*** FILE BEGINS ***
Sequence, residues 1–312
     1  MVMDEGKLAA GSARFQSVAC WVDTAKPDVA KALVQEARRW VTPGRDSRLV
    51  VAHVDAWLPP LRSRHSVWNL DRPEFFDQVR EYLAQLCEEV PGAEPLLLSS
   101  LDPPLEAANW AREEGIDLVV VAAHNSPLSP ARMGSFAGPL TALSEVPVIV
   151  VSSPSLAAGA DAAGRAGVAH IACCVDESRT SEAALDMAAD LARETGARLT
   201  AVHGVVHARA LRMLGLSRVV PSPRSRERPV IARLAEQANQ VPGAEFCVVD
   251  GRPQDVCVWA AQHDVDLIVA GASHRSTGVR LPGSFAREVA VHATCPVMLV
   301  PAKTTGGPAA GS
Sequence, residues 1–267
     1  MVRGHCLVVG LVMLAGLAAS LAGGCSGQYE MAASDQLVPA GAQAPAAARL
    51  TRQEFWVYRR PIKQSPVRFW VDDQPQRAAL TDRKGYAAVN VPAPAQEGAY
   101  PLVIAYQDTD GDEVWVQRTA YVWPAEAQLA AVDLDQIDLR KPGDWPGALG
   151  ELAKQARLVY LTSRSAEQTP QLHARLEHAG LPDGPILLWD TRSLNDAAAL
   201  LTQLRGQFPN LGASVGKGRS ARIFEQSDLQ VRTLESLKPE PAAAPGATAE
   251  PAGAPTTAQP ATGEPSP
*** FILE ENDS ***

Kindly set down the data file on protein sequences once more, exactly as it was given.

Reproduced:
Sequence, residues 1–312
     1  MVMDEGKLAA GSARFQSVAC WVDTAKPDVA KALVQEARRW VTPGRDSRLV
    51  VAHVDAWLPP LRSRHSVWNL DRPEFFDQVR EYLAQLCEEV PGAEPLLLSS
   101  LDPPLEAANW AREEGIDLVV VAAHNSPLSP ARMGSFAGPL TALSEVPVIV
   151  VSSPSLAAGA DAAGRAGVAH IACCVDESRT SEAALDMAAD LARETGARLT
   201  AVHGVVHARA LRMLGLSRVV PSPRSRERPV IARLAEQANQ VPGAEFCVVD
   251  GRPQDVCVWA AQHDVDLIVA GASHRSTGVR LPGSFAREVA VHATCPVMLV
   301  PAKTTGGPAA GS
Sequence, residues 1–267
     1  MVRGHCLVVG LVMLAGLAAS LAGGCSGQYE MAASDQLVPA GAQAPAAARL
    51  TRQEFWVYRR PIKQSPVRFW VDDQPQRAAL TDRKGYAAVN VPAPAQEGAY
   101  PLVIAYQDTD GDEVWVQRTA YVWPAEAQLA AVDLDQIDLR KPGDWPGALG
   151  ELAKQARLVY LTSRSAEQTP QLHARLEHAG LPDGPILLWD TRSLNDAAAL
   201  LTQLRGQFPN LGASVGKGRS ARIFEQSDLQ VRTLESLKPE PAAAPGATAE
   251  PAGAPTTAQP ATGEPSP